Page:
Let Fibonacci set your price targets – and trade entries

As a swing trader, you must leave your emotions at the door, says John C Burford. Fibonacci will guide you to profits.

Swing trading is a half-way house between short-term (or day) trading and long-term position trading. On average, my successful trades last anywhere from a few days to a few weeks and rarely longer than three months. It suits my personality to trade in this way. Naturally, my losing trades do not last as long.

I am a swing trader because I do not want to sit through large drawdowns while waiting for my trend to re-emerge as is often necessary when trading long-term. And who can say that the drawdown will not become permanent?

But that is not to say I will reject an opportunity to take a short-term profit within a day or so if presented, or to jump on board a longer-term position trade if I believe the waves are lining up auspiciously.

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And that is where the Fibonacci levels come in they can help pinpoint excellent areas for both the taking of profits and also the establishment of a new trade.

A short-term Fibonacci trade entry in GBP/USD

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In the EUR/USD, I identified a long trade entry on Draghi Day 3 December. Although GBP/USD rallied with the euro on that day, I did not get such a definitive buy signal in 'cable' (GBP/USD). But I certainly did a few days later on 8 December.

This was the hourly chart on Tuesday, 8 December:


On Tuesday, the market was retracing the large gains provided by the Draghi bounce the previous week. This is a normal reaction after a 'surprise' spike move. I placed my Fibonacci levels on that bounce and the market was then testing the Fibonacci 62% level.

If I had my Elliott wave labels correct, I have a wave 1 (or A) up and the market was finishing off the wave 2 (or B), which would end at either the 62% level or the 78% level and that latter level was my line in the sand. If the market moved below it, I would abandon my labels.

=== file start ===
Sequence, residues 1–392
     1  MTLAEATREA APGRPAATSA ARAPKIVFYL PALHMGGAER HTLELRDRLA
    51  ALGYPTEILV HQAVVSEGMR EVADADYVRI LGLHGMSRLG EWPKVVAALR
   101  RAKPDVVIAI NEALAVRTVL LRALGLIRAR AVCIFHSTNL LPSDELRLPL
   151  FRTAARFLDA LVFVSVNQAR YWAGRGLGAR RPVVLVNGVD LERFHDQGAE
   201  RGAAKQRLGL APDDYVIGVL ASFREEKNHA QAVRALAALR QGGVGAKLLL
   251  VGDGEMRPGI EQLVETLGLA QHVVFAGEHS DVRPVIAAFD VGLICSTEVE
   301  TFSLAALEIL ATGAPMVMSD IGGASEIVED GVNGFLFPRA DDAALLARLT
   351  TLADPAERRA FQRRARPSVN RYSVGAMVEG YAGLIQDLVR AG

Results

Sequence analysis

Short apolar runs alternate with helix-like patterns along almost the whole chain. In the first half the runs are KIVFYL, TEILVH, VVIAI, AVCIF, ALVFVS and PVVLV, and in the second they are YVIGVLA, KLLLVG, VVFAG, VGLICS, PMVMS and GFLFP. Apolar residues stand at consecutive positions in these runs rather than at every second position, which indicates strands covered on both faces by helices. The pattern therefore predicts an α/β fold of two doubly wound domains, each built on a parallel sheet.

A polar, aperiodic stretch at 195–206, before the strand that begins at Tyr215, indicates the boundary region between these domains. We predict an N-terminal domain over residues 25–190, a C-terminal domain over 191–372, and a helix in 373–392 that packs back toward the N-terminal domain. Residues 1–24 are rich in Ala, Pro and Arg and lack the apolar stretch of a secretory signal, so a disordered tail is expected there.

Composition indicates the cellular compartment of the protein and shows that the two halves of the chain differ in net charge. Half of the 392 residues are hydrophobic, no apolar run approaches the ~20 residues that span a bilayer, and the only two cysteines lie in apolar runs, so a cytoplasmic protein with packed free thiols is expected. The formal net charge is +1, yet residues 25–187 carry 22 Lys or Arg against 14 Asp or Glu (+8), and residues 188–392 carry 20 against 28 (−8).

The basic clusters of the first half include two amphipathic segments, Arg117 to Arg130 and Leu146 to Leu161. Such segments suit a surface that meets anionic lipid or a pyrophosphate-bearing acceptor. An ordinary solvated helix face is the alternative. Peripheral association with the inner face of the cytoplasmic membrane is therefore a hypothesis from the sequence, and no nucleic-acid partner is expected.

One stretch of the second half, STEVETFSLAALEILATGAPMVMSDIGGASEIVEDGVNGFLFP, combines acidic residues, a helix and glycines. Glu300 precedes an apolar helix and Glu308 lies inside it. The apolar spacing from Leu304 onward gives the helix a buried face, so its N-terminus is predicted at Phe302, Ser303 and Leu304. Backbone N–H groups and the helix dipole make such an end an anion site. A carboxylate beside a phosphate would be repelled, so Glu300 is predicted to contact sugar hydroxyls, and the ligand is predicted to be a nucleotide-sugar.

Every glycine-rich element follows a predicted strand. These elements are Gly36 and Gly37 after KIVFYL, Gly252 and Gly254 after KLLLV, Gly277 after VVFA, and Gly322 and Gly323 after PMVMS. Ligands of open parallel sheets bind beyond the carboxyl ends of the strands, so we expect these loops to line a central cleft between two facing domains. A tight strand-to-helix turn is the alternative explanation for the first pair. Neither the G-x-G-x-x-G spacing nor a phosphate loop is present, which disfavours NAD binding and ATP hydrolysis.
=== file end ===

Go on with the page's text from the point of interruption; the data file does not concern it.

But if one of these levels held their ground, I could look forward to a third (or C) wave up and third waves are my absolute favourite waves to ride, simply because they are usually long and strong. The benefit is that in a third wave, your protective stops are in little danger of being hit, and you can rack up some impressive profits very quickly. I like that.

So a long trade at either level was indicated.

Here is the updated chart as I write on 9 December:


With the large positive-momentum divergence hinting at a sharp rally phase ahead, the Fibonacci 78% level held. And right on cue, the market rallied sharply off that support and as I write, the market is breaking up through the upper wedge line to help confirm my wave 3 (or C) label.

Isn't that pretty? And all I did was apply my Fibonacci levels on the hourly chart to find a suitable low-risk entry. And the wedge pattern should herald a substantial rally.

A profit in FTSE at a Fibonacci target

Here is a great example of how to combine the Fibonacci levels with the basic precepts of Elliott wave theory.

Here is the FTSE hourly chart:


I was watching the November rally and looking for a turn down. And in early December, I got the signal I was waiting for and placed a short trade just under the 6,370 level. As the market moved lower, I placed my Elliott wave labels as shown.

And when the market hit the Fibonacci 78% level (support) on my wave 5 as the momentum was diverging massively between my waves 3 and 5. That was all the information I needed to take short-term profits on my shorts at the 6,120 level for a very tasty 250 pips profit in five trading days. Not bad.

Of course, the market may continue lower, but I am not concerned I still hold a part short position (split bet strategy) I have taken an excellent short-term profit and I can always get back in later provided I get another excellent indication.

John is is a British-born lapsed PhD physicist, who previously worked for Nasa on the Mars exploration team. He is a former commodity trading advisor with the US Commodities Futures Trading Commission, and worked in a boutique futures house in California in the 1980s.


He was a partner in one of the first futures newsletter advisory services, based in Washington DC, specialising in pork bellies and currencies. John is primarily a chart-reading trader, having cut his trading teeth in the days before PCs.


As well as his work in the financial world, he has launched, run and sold several 'real' businesses producing 'real' products.